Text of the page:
6. Ceramics are present in everyday items like coffee mugs, flower pots, and decorative tiles.


The production of glass involves several methods, primarily focusing on the transformation of raw materials into molten glass and then shaping and cooling it to create the final product. Here are the main methods of glass production:

  1. Batching: Raw materials such as silica sand, soda ash, and limestone are precisely measured and mixed to create a batch of glass.
  2. Melting: The batch is melted in a furnace at high temperatures (around 1700°C or 3092°F) to form molten glass. This process may take several hours to achieve a homogeneous melt.
  3. Forming: The molten glass is shaped into the desired form using various methods, including:

     - Blown Glass: Molten glass is gathered on the end of a blowpipe, and the glassblower shapes it by blowing air into the pipe.

     - Float Glass: Molten glass is poured onto a bath of molten tin, creating a smooth and flat surface.

     - Sheet Glass: Molten glass is rolled into sheets between large metal rollers.

     - Container Glass: Molten glass is formed into bottles or jars using molds.

  1. Annealing: The formed glass undergoes an annealing process, where it is slowly cooled in an annealing oven. This gradual cooling relieves internal stresses and enhances the glass's strength and durability.
  2. Cutting and Finishing: Once the glass is annealed, it can be cut, polished, or otherwise finished according to the desired product. This includes cutting sheets into specific sizes or shaping glass containers.
  3. Coating and Decorating: Glass may undergo additional processes for coating or decorating, such as applying coatings for UV protection, adding decorative patterns, or applying colored coatings.
  4. Tempering (for Tempered Glass): Tempered glass is subjected to a special heat treatment that imparts increased strength and safety. When broken, tempered glass shatters into small, relatively harmless fragments.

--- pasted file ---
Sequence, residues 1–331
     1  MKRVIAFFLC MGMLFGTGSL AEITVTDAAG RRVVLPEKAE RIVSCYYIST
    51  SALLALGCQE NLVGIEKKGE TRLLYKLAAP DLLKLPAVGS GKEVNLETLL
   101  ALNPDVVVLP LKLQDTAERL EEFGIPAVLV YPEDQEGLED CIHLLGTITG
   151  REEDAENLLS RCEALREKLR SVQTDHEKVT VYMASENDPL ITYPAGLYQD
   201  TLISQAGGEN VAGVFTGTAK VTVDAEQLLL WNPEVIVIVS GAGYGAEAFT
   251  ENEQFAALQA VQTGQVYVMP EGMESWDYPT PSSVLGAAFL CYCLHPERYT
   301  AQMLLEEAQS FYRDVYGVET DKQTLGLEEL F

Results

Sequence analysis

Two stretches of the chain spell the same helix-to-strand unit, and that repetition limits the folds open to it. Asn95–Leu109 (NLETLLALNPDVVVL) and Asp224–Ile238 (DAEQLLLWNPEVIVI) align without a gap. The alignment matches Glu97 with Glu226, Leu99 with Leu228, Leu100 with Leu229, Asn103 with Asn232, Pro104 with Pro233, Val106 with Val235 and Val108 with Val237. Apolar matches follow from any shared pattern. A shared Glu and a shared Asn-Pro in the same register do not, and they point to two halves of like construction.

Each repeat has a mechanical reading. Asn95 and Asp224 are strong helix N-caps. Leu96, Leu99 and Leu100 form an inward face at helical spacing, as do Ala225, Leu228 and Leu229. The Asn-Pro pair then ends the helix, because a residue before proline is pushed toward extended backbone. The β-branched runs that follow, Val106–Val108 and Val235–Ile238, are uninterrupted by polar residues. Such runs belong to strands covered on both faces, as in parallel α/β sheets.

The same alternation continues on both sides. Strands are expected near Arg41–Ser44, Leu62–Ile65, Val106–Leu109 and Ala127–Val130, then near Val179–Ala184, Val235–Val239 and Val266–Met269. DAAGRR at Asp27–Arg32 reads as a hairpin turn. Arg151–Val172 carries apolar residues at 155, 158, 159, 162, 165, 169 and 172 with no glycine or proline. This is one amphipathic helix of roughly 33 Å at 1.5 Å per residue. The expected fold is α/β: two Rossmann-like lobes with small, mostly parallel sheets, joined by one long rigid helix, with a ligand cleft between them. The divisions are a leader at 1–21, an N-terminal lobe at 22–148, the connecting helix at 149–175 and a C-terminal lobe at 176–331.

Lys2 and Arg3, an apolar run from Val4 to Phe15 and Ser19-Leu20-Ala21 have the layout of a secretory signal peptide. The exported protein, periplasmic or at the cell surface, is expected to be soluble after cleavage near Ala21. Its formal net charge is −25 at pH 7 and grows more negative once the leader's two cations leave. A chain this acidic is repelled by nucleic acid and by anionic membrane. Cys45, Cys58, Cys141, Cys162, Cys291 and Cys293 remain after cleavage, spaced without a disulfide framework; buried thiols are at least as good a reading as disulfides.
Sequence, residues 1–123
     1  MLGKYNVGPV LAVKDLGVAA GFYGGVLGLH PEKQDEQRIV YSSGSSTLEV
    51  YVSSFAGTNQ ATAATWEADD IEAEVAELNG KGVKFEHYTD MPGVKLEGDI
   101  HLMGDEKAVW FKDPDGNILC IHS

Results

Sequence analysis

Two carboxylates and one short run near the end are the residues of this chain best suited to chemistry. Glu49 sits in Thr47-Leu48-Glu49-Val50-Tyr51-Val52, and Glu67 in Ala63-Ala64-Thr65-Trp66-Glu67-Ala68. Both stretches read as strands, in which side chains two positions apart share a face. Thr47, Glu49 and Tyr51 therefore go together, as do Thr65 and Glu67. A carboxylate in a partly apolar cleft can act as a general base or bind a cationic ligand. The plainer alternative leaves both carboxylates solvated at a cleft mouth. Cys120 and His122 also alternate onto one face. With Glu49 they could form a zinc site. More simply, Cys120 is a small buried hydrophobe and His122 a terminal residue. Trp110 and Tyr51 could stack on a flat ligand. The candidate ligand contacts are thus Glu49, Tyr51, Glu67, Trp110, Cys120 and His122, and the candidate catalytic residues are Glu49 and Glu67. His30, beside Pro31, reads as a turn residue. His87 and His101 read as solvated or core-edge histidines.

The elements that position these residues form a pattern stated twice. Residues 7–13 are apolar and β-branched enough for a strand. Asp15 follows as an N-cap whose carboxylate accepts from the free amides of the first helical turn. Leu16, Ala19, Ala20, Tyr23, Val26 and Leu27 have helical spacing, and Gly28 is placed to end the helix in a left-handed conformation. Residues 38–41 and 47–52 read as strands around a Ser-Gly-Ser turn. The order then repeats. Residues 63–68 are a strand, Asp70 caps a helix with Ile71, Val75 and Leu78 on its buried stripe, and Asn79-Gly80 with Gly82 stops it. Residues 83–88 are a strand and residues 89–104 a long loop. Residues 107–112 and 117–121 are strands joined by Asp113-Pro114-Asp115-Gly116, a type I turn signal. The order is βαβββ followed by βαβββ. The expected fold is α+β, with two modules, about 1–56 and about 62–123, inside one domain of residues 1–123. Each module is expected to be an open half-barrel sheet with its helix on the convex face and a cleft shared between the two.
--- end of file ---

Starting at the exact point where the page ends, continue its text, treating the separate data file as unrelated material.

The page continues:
Uses of Glass

Glass is a versatile material with a wide range of applications due to its transparency, durability, and adaptability. Here are some common uses of glass across various industries:

  1. Construction and Architecture: Glass is a fundamental component of windows and doors providing natural light and insulation.
  2. Containers and Packaging: Glass containers are commonly used for storing food and beverages due to their non-reactive nature and impermeability.
  3. Automotive Industry: Laminated glass is used in car windshields for safety, while tempered glass is used in side and rear windows.
  4. Electronics: Glass is a key component in electronic devices such as smartphones, tablets, and computer monitors.
  5. Tableware and Kitchenware: Glass is a common material for drinking glasses and cups. Some cookware, like baking dishes and casserole dishes, is made from glass.
  6. Medical Applications: Glass is widely used for laboratory glassware, including beakers, test tubes, and petri dishes.
  7. Home Decor and Furniture: Glass mirrors are used for personal grooming and interior design.
  8. Lighting: Incandescent and LED light bulbs use glass envelopes to protect the filament or LED elements.
  9. Art and Design: Used in artistic and religious contexts for creating colorful and intricate designs.

EVALUATION: 1. Discuss the steps for processing ceramics.

  1. Identify 5 uses of ceramics
  2. Mention and describe all steps in glass production.

CLASSWORK: As in evaluation

CONCLUSION: The teacher commends the students positively